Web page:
By Isabel Clements
This summer, I’ll be working with Physicians for Human Rights, a non-profit organization located at home in NYC. Although based in the U.S., the NGO documents human rights violations across the world and empowers local communities in addressing these atrocities. In my role as Arabic-Speaking Investigations Intern, I will be researching the mercurial conflicts in Syria and Yemen. In particular, my research will address attacks on healthcare and medical aid in the two countries. Should a video of a recent bombing of a Syrian medical point be posted on YouTube, it will be my job to “decode” the footage and figure out what is being seen and heard (albeit with a lot of support from my colleagues).
I have been told that the organization has not hired a non-native speaker for this position in the past, so I am anxious to perform my job thoroughly and immaculately, given that I am still learning Arabic. A mistake in translation could be harmful or misleading, so there will be a lot of pressure on my Arabic skills. Hopefully, this will lead to language acquisition and increasing fluency on my part! Moreover, I am much more versed in Syrian dialect than I am in Yemeni Arabic, so the notion of reviewing documents and media from Yemen is somewhat formidable to me. All in all, it will be an intellectual challenge, but I’m prepared to learn! Several of my colleagues in the research department will be native Arabic speakers, so I am relieved to be having their support. I am excited to be working with a diverse group of people with myriad talents on such an important issue.
The conflicts in Syria and Yemen have plagued the populations of these two countries and haunted the world, and have come to my attention in a new way in my Middle Eastern Politics class with Professor Sofia Fenner. The bloody course of brutal civil wars in these respective countries has become increasingly visceral for me as I have befriended families from both regions, through my work with the NYC Mayor’s Office of Immigrant Affairs. I feel it is my duty as a student of the Arabic language, and as a humanitarian, not only to be aware of the events in these countries, but also to contribute my abilities to ensure that they are recorded and understood. The opportunity to help document the daily horrors of war in these countries is a heartbreaking yet singular one. In this internship, I expect to develop a deeper understanding of the conflicts in Syria and Yemen, which morph by the day.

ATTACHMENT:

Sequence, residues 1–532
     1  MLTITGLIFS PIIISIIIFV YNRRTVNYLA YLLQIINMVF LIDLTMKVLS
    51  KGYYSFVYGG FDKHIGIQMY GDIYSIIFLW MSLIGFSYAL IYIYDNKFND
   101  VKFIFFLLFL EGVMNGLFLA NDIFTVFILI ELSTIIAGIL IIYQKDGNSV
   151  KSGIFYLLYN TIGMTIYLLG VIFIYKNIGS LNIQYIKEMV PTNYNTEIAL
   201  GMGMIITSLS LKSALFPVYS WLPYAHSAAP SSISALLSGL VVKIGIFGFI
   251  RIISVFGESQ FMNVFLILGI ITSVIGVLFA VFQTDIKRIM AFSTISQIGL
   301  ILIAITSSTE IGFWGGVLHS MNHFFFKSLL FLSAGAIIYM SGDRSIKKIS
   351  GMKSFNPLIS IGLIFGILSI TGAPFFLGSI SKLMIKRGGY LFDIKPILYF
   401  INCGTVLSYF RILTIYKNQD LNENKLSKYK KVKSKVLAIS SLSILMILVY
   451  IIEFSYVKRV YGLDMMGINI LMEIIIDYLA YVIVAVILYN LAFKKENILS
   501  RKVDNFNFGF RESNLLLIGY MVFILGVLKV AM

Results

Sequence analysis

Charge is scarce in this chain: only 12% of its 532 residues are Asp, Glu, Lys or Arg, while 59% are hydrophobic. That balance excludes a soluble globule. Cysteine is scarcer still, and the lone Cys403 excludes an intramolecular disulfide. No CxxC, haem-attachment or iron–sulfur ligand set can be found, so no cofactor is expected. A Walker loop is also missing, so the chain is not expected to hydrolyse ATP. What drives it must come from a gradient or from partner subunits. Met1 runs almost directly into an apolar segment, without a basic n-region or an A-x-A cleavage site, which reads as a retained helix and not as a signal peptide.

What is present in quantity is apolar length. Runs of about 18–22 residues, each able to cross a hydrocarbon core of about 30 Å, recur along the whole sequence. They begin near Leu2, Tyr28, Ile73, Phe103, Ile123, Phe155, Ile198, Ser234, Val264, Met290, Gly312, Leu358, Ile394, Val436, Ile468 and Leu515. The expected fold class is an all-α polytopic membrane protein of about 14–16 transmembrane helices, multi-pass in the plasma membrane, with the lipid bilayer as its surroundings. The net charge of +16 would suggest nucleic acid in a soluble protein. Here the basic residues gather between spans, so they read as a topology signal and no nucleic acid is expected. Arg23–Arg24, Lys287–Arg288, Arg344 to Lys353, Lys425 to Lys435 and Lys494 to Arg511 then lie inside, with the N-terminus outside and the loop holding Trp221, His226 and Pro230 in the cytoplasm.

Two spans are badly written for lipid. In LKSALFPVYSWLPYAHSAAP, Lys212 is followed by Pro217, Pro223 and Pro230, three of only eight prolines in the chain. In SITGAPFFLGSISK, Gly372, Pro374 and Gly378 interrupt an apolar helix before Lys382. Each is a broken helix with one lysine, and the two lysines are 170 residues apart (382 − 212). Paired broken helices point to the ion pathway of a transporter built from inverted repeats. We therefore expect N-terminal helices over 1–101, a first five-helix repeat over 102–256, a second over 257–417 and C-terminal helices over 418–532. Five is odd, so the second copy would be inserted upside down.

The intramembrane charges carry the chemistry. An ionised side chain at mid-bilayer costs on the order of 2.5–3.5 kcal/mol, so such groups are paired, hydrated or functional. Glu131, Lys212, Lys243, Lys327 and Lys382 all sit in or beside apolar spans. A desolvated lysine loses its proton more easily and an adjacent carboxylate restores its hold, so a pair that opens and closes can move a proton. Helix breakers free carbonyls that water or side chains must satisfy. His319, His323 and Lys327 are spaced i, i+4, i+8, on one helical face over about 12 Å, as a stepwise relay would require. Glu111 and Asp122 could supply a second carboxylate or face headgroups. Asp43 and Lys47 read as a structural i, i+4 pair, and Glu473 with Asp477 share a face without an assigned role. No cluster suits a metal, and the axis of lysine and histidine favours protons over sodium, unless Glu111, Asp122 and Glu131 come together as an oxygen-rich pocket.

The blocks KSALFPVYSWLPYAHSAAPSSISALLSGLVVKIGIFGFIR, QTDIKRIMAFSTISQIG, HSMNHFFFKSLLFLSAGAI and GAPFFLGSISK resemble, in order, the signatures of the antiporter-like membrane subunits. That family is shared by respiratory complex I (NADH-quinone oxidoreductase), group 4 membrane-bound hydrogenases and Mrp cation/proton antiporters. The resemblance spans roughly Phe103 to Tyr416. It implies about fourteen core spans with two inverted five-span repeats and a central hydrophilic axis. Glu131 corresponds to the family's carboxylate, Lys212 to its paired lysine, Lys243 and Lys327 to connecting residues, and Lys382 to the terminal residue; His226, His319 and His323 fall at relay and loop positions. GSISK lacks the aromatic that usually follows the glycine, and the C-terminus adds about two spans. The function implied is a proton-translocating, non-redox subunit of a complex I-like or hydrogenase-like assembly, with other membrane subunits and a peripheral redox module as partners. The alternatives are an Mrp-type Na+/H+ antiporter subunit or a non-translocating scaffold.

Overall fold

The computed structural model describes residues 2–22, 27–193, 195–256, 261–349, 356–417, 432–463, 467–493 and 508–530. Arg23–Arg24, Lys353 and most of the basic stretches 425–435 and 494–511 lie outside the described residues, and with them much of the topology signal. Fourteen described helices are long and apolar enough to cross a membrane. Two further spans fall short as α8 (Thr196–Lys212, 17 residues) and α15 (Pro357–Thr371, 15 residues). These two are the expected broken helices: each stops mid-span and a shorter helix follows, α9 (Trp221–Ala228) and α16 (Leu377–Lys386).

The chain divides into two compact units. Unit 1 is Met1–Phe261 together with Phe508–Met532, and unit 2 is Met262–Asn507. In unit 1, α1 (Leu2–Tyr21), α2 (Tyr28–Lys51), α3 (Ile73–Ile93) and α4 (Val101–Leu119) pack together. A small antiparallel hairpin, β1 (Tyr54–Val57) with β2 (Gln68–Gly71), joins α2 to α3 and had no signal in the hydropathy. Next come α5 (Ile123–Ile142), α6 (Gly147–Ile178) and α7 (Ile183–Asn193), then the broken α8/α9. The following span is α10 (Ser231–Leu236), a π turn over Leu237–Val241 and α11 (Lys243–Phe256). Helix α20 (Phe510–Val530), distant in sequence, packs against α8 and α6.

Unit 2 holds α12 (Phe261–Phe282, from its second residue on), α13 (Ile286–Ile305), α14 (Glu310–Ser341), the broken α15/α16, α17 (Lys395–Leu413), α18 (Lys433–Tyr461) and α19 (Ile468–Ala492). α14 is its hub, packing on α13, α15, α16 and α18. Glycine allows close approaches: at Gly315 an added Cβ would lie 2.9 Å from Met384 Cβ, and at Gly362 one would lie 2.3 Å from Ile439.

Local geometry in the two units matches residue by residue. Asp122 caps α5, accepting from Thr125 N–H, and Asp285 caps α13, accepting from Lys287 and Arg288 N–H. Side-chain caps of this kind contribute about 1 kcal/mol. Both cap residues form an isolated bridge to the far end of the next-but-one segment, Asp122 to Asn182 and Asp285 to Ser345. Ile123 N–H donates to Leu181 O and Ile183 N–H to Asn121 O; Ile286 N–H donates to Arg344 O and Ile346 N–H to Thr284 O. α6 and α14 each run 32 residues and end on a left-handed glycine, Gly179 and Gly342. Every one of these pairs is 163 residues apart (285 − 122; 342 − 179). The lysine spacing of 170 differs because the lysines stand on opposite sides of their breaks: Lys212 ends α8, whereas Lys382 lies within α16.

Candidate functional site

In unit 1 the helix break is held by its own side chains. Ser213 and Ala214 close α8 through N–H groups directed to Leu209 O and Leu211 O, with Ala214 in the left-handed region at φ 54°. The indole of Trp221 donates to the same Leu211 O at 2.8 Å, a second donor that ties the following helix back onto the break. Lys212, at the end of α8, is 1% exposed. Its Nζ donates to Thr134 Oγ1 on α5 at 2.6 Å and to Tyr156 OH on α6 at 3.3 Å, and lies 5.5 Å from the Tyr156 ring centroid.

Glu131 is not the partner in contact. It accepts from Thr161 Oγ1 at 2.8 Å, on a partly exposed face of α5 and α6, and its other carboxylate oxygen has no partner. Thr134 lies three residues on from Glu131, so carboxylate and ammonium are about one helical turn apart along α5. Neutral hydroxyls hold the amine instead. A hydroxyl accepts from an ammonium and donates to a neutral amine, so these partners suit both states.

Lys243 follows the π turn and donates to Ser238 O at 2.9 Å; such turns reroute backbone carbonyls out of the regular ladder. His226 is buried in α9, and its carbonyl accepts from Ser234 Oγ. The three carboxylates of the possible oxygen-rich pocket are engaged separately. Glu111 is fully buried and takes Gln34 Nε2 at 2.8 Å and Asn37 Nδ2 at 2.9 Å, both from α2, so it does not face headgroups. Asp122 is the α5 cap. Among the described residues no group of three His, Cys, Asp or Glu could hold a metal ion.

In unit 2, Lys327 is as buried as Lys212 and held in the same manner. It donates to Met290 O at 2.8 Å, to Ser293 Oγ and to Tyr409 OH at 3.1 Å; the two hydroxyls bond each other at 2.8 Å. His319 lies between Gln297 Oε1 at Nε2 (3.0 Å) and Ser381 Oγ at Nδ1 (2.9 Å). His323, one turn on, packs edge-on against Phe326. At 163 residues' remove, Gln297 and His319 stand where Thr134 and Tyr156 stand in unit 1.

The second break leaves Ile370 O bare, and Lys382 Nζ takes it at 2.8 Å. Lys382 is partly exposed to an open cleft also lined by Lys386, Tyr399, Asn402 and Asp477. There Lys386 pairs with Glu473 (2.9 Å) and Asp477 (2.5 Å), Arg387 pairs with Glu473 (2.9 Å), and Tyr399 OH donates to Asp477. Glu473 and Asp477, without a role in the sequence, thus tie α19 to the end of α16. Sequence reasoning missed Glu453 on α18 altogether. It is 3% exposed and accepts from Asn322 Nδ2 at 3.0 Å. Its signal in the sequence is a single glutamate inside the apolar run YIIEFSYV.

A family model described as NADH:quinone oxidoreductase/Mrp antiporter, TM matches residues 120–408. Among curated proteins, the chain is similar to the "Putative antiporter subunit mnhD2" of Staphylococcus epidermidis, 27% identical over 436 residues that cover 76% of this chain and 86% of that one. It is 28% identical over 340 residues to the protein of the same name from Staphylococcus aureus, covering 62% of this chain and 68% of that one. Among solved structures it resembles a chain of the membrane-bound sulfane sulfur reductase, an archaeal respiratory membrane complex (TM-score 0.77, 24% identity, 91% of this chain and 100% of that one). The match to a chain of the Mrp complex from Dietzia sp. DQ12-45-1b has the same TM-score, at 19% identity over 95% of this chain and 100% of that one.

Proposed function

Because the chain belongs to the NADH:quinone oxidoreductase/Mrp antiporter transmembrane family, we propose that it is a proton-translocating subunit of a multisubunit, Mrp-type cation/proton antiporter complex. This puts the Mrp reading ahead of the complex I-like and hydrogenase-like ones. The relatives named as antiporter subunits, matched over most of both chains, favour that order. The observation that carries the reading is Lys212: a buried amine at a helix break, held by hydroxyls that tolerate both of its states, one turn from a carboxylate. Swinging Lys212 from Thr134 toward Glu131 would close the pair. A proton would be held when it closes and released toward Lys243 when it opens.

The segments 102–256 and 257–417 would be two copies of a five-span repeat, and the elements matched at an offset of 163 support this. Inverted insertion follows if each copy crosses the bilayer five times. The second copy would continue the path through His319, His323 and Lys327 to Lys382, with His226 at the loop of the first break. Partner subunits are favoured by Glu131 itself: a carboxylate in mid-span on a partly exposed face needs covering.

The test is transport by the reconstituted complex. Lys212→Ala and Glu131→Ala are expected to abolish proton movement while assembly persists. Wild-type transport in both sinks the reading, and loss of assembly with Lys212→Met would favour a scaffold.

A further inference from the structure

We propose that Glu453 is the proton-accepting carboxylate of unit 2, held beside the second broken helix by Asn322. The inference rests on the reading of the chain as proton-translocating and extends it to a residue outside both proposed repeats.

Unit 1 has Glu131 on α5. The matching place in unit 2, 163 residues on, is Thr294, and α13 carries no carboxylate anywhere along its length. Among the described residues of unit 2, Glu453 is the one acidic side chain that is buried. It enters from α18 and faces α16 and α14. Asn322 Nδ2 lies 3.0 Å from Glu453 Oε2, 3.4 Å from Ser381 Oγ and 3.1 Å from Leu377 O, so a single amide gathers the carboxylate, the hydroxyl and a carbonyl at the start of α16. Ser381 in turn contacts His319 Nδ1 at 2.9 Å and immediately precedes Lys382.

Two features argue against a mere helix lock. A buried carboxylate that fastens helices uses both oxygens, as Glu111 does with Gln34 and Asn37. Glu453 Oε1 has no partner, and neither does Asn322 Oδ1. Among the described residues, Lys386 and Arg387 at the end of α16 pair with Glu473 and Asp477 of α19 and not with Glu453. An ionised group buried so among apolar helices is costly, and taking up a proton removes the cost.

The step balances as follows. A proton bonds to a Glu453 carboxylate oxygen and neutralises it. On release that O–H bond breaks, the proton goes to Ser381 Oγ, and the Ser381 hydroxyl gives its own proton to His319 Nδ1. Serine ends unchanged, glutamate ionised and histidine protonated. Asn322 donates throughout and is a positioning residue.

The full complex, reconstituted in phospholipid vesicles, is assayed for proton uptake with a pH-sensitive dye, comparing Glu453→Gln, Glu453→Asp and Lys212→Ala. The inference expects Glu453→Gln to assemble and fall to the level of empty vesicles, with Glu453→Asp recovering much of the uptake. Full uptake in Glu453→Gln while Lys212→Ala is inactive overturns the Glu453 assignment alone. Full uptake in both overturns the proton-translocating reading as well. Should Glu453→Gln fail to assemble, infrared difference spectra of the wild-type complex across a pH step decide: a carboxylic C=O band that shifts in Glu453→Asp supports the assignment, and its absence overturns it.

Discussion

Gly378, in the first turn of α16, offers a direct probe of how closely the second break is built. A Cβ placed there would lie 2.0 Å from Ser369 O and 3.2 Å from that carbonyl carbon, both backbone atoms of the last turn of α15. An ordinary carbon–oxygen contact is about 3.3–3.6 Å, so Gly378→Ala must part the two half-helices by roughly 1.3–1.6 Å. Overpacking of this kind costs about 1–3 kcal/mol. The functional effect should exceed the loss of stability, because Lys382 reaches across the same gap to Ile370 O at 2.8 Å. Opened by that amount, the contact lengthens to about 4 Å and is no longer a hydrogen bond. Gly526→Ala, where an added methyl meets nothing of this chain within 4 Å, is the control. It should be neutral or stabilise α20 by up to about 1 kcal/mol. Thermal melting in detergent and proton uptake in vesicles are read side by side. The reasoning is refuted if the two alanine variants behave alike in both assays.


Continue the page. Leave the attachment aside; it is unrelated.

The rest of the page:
Although I expect that this will be emotionally difficult work, I am looking forward to witnessing the gears behind NGO work, and am thrilled at the opportunity to participate in an exceptional effort. I am super appreciative to have been sponsored by the CCPA Liberal Arts in the Workplace fund, which has allowed me to put both my Arabic skills and my passion for social justice to good use!